For no reason at all, the opening scene of The Terminator comes to mind.
You know, the one where Arnold Schwarzenegger is dropped stark naked into the middle of Los Angeles, knowing nothing about his surroundings or the people within, but only that his sole mission is to find and eliminate Sarah Connor?
I can only imagine the transition from the streets of Puerto Rico to rural Massachusetts must have been eerily similar for my dog, with the lone exception of being programmed to eliminate the mother of the eventual leader of human resistance 45 years in the future.
Think about it, most rescue dogs go from constantly searching for their next meal and fighting for their lives on a daily basis in the un-sheltered wild, to a world of overflowing bowls of food, treats in exchange for simple tricks, and comfy beds of cotton in warm houses.
In the blink of an eye, they get scooped up from the only life they know and dropped into a completely foreign world, not knowing that it will eventually become the best thing that ever happens to them. At the time, they are but strangers in a strange land.
I recall the first thing our dog did when we brought her home was to scoot under our outside deck (completely out of our reach), curl up in a ball, and go to sleep. She basically found her safe place and promptly shut down. I can’t imagine what was going through her mind, but from what I remember, I think we were probably just as shell shocked as she was.
What I do know is that this ball of fur and ears changed our lives forever.
The “first born” as she is now known, Brandy to her peers and “guh gur” (good girl) to the baby, is now just as much a part of our family as any of us. But, what I really wanted to talk about was inspired by another article on Patch about one family’s adoption of rescue greyhounds, and the positive impact they had on their family.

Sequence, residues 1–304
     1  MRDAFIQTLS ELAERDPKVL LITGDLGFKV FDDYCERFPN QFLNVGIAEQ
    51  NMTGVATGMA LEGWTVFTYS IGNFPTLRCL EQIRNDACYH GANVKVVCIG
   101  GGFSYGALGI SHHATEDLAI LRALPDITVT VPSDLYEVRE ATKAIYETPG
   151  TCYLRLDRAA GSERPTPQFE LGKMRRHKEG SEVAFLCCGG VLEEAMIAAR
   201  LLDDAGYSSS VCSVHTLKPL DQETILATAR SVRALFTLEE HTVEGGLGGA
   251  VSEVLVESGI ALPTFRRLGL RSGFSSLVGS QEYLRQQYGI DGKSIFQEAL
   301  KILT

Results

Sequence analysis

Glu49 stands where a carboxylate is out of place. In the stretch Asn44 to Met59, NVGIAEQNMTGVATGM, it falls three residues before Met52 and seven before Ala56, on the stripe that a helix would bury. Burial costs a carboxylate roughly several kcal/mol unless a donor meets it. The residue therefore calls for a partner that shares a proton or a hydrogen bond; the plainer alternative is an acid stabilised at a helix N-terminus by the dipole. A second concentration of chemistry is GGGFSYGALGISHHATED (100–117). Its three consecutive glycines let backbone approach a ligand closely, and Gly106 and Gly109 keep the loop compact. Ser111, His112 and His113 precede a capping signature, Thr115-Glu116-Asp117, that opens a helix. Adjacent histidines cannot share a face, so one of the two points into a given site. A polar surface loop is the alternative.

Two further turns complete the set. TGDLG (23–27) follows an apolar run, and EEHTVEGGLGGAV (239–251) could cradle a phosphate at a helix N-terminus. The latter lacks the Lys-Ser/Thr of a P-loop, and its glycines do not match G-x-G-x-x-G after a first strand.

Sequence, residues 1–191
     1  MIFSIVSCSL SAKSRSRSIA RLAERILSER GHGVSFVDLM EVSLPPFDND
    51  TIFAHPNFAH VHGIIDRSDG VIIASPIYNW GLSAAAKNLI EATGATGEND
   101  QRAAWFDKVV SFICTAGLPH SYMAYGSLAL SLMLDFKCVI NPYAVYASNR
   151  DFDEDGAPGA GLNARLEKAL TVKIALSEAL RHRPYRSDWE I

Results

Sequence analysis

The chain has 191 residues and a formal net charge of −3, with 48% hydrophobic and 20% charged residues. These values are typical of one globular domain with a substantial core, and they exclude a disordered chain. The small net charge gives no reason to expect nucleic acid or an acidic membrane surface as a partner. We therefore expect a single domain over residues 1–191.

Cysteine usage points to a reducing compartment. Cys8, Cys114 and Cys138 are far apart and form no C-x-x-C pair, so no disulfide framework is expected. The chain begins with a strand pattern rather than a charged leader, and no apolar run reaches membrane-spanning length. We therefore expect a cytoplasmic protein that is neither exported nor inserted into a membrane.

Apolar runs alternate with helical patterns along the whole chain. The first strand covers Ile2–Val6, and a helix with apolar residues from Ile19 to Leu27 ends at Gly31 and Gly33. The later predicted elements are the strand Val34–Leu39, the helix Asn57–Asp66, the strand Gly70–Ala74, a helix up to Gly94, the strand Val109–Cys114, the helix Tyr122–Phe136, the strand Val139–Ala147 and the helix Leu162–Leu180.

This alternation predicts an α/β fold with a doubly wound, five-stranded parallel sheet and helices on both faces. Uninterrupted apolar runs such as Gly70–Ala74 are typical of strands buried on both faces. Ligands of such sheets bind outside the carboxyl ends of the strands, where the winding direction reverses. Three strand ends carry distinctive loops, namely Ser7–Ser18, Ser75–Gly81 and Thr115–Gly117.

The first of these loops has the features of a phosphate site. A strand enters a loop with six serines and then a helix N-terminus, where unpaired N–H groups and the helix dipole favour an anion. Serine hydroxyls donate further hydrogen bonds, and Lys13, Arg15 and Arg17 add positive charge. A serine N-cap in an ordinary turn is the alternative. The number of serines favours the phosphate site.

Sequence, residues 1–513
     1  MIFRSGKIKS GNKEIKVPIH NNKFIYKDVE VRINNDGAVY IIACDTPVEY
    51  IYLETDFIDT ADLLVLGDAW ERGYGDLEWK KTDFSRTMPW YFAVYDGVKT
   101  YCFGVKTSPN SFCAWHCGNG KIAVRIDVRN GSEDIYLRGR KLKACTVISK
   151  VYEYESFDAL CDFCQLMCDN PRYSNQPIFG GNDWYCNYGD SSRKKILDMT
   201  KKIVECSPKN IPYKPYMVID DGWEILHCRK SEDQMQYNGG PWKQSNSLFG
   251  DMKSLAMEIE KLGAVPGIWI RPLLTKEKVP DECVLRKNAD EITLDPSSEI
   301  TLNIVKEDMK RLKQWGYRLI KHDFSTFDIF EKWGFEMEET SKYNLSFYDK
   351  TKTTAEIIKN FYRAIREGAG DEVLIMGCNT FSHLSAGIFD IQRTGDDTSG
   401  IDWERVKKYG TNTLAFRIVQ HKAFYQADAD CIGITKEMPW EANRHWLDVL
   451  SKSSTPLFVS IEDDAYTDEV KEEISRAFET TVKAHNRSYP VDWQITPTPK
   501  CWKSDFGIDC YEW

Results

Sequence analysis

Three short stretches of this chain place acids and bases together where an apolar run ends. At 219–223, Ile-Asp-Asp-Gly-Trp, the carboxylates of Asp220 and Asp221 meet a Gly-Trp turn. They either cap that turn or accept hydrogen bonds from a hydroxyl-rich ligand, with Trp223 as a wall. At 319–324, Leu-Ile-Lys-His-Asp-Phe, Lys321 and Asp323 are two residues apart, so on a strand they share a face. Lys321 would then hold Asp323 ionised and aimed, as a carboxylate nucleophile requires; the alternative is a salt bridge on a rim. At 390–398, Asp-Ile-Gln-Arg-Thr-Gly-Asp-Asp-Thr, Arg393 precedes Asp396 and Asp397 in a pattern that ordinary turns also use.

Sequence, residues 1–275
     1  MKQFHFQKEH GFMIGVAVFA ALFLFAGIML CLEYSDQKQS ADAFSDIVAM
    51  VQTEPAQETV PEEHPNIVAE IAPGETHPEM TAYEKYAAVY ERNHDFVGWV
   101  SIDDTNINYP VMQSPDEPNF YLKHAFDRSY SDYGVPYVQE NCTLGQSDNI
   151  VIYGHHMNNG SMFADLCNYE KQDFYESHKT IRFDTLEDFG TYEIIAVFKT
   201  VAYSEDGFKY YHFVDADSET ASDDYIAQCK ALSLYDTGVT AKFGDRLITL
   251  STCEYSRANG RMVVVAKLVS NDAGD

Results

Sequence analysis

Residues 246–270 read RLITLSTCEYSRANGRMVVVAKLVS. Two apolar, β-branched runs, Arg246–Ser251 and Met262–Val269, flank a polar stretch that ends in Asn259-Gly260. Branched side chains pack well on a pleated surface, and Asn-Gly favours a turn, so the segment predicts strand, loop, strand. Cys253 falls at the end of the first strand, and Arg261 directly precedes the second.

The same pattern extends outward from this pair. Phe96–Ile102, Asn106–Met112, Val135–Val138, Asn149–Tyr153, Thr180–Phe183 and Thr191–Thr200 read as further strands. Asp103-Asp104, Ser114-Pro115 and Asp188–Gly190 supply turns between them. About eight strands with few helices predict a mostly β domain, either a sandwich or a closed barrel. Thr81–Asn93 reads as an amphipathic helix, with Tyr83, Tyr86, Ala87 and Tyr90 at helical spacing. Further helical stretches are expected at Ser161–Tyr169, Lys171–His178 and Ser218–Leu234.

In honor of that family’s experience and ours, I would formally like to throw my hat in the ring in support of rescuing a dog over going to a breeder. My intention here isn’t to talk negatively about breeders. I do have many opinions, but talking down someone else’s business is typically not a path I’m going to choose.
What I will do is make a case for rescue efforts, such as Save-A-Sato, and their ability to provide you with a family dog as good as any you will find at a breeder – for a fraction of the cost. Not only that, but the going theory is that mixed breed dogs (mutts) have less medical complications than those sometimes associated with pure breeds.
Inexpensive, unconditional love that won’t break your wallet. What more could you ask for? Inspired by the idea? Click here for a list of shelters that support the Save-A-Sato program.
We went to the one in Sterling, Mass., and I have to tell you, it was one of the best decisions we ever made. Talking to my wife the other night about the theme of this article, I blurted out without thinking, “How could I not write an article about where we got Brandy? She essentially started our family.” That really is the point right there.
For under $500 (including free leash and collar), we started our family.
Maybe non dog lovers/owners don’t understand that statement right there, but I’m positive those that do understand exactly what I mean. I will forever remember my first dog, Tyvek, just as I will always remember Brandy.
I also know for a fact that many years down the road my sons will be telling their kids about the special bond they had with their first dog.
Take a starving dog off of the streets, bring them into your home and show them discipline and love, and in return you will be given an experience that you and your children will cherish forever.
Aside from saying, “thank you,” the only words I have for Sterling Animal Shelter are, “I’ll be back.”
This article originally appeared on Chelmsford Patch on 2/4/12.